February 2011

Billed as a ‘State of the Nation’ novel this month’s thought-provoking book gave us an opportunity to comment on contemporary Britain.  Faulks’ aim was to write a Dickensian novel of our time where characters from different walks of life are linked by unseen connections in which London itself plays an important part.  What links the key players is that their lives have become disconnected, though in very different ways.  Faulks started the work in the boom years of the last decade, but his writing was overtaken by the impending financial crisis, with the result that he shortened the book to make its publication more timely and decided to fit all the events into a week. Perhaps it was for this reason that we felt some of his huge cast of characters lacked depth –  he himself said that it made writing about the development of relationships difficult – but it certainly prompted a lively discussion.  There was a range of opinions from those who loved the book to those who were unable to finish the tale.

Through the course of a week in December 2007,  the author explores the way various characters from very disparate backgrounds experience ‘disconnectedness’. Veals, the repellent hedge fund wheeler dealer, makes a fortune and destroys a bank, profoundly affecting the lives of many.  But he himself lives in a little bubble, communicating through technology and unable to talk to his own family. Hassan, despite a relatively privileged upbringing as the son of a wealthy pickle manufacturer, has always felt on the margins of society, becoming more alienated over time until he discovers a radical Muslim group. Membership of this group gives him a sense of belonging and we see how politicisation takes place and a young man’s search for identity turns him into a potential bomber. Other characters find escapism through fantasy whether alternative computer worlds, fantasy football, TV ‘Reality’ shows or drug induced stupor.  The factor which finally draws the threads of the varying social worlds together and brings our protagonists into some form of community is love, whether parental, romantic or platonic.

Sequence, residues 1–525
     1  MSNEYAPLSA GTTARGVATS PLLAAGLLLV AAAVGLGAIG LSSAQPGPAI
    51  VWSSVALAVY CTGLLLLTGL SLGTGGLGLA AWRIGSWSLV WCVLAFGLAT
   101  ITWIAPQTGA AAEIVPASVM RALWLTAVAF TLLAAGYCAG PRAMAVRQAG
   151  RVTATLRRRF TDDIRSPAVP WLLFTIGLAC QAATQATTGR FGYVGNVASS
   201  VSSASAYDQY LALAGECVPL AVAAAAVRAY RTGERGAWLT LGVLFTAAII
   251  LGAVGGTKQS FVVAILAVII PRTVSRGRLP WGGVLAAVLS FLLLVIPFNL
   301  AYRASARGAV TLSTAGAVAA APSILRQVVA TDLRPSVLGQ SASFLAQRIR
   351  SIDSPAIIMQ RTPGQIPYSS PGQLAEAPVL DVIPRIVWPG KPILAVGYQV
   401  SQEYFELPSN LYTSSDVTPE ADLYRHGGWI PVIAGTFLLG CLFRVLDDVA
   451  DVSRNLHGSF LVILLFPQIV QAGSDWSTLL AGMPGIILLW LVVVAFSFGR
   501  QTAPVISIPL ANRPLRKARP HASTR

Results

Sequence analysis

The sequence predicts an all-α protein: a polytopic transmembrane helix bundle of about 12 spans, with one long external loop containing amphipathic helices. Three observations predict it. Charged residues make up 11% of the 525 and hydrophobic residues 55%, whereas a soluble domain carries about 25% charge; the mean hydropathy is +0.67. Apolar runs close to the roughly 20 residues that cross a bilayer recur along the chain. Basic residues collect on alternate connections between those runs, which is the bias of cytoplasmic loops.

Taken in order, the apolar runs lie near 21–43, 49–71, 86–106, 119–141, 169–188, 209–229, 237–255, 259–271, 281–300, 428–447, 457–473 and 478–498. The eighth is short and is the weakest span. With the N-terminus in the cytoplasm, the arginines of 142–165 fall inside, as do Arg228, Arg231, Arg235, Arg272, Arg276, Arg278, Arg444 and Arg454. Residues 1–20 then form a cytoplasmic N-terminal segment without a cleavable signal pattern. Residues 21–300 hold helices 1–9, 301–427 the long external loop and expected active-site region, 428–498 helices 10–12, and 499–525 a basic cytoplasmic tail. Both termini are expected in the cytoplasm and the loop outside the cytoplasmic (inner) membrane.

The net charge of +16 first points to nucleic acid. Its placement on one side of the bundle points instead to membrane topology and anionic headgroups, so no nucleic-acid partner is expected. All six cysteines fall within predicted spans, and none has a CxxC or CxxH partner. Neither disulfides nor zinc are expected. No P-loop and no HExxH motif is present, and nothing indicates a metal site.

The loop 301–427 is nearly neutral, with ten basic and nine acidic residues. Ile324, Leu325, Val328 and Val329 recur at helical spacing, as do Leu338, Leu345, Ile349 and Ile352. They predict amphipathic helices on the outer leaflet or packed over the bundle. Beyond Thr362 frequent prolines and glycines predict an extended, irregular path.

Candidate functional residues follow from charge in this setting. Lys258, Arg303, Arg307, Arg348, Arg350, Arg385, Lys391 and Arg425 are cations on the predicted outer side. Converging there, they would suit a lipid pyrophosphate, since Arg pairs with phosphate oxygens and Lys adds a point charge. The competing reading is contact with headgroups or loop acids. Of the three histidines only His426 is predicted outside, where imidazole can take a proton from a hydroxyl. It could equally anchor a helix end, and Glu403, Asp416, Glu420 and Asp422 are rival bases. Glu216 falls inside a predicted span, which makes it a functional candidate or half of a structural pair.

This well-researched satirical look at Britain captures many key issues of relevance to our daily lives.  Does modern society divorce people from hands-on reality?  As Hassan says at the end  ‘It’s very difficult in life to know what’s valuable, what’s lasting.  Even to know what’s real.’

On Thursday 10 March we meet to discuss Land of Marvels by Barry Unsworth.

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